Budget for a big investment: An ECE certification for a brake pad costs you anywhere between 10,000 and 25,000 Yuan. Now multiply this by 200 brake pads for a halfway significant portfolio, and you will be looking at 2,000,000 to 5,000,000 Yuan total – if everything goes right. This is a lot of money, and you want to make sure that you are not wasting it.

Test before you let test: I have talked to many certification labs. Again and again, they are shaking their heads about receiving product that clearly does not comply with the standard. “They just send it the product in the hope that it will be certified” is a comment often heard. The certification lab will go through the tests, charge you for them, and give you a negative result. Money and time wasted. Before you send in the product for testing and certification, make sure it complies with all the rules and regulations. The regulations are available on-line ( for the text.) Be careful to you read the various addenda, these rules are constantly updated. Follow the described test routine carefully.

Careful with OEM parts: In most cases, certainly with brake pads, the OEM Original Part is the benchmark against your part will be tested. Your part is allowed a certain deviation from the reference OEM part. With brake pads, it is usually 15 percent deviation in the braking performance. Now, for the careful part: The certification lab will buy the part from a dealer in their country (and charge you for it.) Make sure you test against the same part. Don’t rely on the fact that the OEM part you buy in China will have the same characteristics as the part bought in Europe. What’s more, OEM parts also vary in quality. We had cases where a series of OEM parts had a 30 percent deviation. Buy several. If the OEM part varies, a cooperative certification lab can use this for your advantage by testing a borderline part of yours against a hand-picked OEM part. Technically, this is legal. But it is a dangerous game: If your part is retested and found out of spec, you can lose your certification.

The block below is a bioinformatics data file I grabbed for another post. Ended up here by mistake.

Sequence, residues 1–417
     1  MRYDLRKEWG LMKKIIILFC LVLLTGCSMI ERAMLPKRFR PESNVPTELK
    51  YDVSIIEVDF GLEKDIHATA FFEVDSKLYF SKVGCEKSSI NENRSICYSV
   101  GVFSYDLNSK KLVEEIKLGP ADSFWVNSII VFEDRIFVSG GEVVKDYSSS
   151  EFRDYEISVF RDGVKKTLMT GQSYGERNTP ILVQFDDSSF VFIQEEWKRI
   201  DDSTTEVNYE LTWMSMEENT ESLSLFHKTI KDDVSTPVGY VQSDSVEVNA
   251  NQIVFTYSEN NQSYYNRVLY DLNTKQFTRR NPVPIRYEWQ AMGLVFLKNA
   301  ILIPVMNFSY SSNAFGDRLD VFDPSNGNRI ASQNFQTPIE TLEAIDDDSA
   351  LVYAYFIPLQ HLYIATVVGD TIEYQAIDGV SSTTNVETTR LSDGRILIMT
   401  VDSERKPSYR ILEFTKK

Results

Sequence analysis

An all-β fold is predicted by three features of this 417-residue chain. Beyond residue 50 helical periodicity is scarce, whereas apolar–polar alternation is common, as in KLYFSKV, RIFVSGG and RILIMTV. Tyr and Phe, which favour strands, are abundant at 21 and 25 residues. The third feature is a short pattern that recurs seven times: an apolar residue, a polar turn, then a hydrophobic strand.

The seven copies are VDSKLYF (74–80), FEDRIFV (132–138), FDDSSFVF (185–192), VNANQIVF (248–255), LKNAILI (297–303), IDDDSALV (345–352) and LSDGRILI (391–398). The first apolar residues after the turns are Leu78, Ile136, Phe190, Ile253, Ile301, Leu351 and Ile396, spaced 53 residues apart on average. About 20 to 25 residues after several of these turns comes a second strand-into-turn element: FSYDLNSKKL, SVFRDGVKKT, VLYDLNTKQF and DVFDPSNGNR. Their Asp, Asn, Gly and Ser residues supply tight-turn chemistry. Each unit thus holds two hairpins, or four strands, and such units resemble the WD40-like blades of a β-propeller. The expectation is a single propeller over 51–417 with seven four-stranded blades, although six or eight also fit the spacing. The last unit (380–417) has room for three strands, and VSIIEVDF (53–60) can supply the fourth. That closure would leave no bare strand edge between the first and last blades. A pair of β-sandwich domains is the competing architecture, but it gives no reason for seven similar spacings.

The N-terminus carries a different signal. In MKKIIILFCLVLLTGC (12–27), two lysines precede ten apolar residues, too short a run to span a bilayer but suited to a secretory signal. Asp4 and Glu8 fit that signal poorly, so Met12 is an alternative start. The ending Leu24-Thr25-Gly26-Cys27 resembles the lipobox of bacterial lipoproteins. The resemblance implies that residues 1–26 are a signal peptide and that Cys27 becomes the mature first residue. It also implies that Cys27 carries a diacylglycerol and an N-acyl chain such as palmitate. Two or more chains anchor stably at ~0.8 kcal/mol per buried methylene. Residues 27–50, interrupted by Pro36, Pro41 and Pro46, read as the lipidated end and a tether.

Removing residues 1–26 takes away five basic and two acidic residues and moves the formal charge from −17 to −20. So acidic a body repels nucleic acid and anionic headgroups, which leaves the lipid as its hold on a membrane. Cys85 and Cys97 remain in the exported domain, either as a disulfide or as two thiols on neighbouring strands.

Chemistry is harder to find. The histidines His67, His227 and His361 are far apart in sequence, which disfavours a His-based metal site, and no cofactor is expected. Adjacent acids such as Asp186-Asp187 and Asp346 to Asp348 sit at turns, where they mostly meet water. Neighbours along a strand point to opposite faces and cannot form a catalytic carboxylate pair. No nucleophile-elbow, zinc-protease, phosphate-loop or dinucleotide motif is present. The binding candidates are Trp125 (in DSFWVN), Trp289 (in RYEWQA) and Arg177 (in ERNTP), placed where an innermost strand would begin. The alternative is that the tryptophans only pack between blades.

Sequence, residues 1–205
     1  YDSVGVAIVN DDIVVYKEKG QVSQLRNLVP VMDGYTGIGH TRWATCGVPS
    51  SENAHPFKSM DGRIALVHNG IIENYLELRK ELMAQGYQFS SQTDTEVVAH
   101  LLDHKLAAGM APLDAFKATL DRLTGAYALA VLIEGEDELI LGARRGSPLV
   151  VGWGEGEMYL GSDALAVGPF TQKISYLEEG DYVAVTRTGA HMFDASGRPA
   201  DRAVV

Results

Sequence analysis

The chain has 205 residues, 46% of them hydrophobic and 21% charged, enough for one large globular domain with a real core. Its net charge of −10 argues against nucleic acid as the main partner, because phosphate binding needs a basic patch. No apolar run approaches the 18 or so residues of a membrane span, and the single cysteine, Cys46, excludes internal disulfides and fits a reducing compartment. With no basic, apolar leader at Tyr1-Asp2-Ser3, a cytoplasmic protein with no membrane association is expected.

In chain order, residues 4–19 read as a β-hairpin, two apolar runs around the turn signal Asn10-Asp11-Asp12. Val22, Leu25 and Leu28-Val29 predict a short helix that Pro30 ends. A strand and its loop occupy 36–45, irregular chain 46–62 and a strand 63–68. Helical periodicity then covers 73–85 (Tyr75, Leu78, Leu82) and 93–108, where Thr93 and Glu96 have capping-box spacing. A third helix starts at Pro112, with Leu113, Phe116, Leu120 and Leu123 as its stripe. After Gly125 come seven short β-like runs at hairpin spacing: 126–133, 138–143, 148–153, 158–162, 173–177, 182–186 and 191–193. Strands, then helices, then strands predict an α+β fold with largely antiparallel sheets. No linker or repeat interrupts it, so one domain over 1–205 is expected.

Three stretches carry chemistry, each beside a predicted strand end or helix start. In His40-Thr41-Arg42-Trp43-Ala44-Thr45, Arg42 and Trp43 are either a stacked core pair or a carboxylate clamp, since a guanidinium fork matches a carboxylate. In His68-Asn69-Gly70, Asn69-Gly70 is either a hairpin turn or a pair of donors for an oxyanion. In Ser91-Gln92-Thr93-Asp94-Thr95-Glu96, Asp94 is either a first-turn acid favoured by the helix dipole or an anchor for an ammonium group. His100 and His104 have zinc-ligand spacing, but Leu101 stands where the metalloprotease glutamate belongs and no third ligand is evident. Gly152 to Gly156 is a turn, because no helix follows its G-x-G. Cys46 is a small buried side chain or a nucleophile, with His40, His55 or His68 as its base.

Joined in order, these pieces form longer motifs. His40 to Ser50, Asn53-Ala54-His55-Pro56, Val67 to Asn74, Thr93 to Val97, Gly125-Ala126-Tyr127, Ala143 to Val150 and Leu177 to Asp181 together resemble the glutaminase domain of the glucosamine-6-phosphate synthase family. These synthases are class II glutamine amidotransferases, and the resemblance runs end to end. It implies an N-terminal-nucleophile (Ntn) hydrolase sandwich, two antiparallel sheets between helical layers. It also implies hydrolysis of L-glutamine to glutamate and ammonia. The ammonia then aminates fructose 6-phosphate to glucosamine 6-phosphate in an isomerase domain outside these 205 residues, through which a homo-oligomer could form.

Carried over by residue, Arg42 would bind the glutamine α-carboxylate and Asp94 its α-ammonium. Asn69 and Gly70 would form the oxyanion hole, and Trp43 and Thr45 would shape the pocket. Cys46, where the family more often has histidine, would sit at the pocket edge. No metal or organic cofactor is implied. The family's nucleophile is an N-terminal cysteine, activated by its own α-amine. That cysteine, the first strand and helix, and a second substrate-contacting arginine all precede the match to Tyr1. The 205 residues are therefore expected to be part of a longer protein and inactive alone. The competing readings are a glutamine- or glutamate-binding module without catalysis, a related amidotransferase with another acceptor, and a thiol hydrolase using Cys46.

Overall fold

Do not use other E-marked parts as a reference. You may have a hard time finding the OEM part locally, but an already E-marked part from another supplier is available. You can use this part as a crude first line reference, but for nothing else. Remember, a brake pad for instance is ECE legal if it does not deviate more than 15 percent plus or minus in its braking characteristics from the OEM part. If it deviates 14 percent, it is legal. But if your part then deviates just 2 percent from that replacement part, you part would be illegal. Always use the OEM part, and always use the results of several OEM parts to establish a solid baseline for testing.